The question needs to be asked. Why is the Union Jack on our flag? Sure, we were settled/colonised (use whichever term causes least offence) by the British. But that was over 220 years ago, and the world has changed a bit since then.

I doubt that the majority of Australians see the symbolism of the national flag as a high order issue. The only time it’s flown by Joe average is on Australia day, and often the way it’s done (wrapped around a boozy Bogan or stuck in the door frame of a ten year old Commodore on a Made in China marketing exercise) does no-one any credit.

My ancestors are Irish. They came over in the 1860s, driven from their native land by a combination of famine and British indifference. I feel no loyalty to anything or anyone from blighty.

I feel more affinity with the traditional Irish song Foggy Dew, about the Easter Rising of 1916. An extract –

“Oh the night fell black and the rifles' crack Made perfidious Albion reel".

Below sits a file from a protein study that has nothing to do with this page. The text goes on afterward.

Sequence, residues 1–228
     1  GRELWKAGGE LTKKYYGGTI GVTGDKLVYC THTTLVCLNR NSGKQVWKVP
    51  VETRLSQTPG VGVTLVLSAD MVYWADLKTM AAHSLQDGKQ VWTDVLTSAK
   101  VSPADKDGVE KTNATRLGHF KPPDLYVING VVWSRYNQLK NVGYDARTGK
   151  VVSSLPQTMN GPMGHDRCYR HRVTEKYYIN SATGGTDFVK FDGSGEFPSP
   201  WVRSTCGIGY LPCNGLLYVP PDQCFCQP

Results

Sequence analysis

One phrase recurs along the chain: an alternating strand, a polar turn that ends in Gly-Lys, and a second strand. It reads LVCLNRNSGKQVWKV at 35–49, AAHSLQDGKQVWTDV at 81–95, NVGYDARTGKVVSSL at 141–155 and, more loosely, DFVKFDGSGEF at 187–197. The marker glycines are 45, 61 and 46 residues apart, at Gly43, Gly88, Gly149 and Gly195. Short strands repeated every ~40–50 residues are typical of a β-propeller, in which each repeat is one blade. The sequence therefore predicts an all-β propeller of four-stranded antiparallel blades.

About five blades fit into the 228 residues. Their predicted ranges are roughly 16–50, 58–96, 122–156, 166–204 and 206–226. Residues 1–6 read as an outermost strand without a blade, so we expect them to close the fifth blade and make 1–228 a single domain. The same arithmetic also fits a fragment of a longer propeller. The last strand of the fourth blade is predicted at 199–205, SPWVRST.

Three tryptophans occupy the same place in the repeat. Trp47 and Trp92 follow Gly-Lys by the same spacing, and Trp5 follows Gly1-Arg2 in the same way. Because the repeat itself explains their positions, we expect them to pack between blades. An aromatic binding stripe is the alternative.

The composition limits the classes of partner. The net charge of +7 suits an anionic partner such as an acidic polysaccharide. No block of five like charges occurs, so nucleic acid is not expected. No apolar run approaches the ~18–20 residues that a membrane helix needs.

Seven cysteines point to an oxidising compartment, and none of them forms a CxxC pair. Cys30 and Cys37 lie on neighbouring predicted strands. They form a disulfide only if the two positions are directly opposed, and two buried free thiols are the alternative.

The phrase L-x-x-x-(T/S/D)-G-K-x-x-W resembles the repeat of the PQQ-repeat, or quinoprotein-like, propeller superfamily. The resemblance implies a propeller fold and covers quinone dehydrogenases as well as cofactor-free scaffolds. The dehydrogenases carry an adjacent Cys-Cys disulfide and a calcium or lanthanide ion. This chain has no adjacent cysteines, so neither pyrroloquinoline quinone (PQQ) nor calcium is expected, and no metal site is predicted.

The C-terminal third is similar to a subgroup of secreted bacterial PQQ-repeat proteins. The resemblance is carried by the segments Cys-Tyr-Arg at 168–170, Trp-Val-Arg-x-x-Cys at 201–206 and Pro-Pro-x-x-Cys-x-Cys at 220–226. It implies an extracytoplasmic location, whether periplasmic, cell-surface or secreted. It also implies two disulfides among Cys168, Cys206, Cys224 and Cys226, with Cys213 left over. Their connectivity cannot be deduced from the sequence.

Not much loyalty expressed there.

The English, after all, reneged on the Treaty of Limerick of 1691, which ended the war between the Catholic Jacobite forces and the English loyal to William of Orange. The terms of this treaty were relatively favorable to the Irish. Catholics were given freedom to worship, own property and carry arms.

The English went back on their word in the Penal Laws of 1695, and the Irish were treated as second class citizens for centuries.

Why would I feel any loyalty to them?

My preferred flag is on the title page of this blog. The Eureka flag represents an authentic proud and courageous response to tyranny.

It's good to see Ray Martin agreeing with me. Thanks Ray.

I’d rather resist than kowtow.

And then there’s the current dreary national anthem…… “Song of Australia” (tune of “Waltzing Matilda”) beats it hands down.

I know which one I’d rather march to…..

Hugh White - Without America

Hugh White is always provocative, and doesn't pull any punches when it comes to criticising current defence policy. In 1995, he was appo...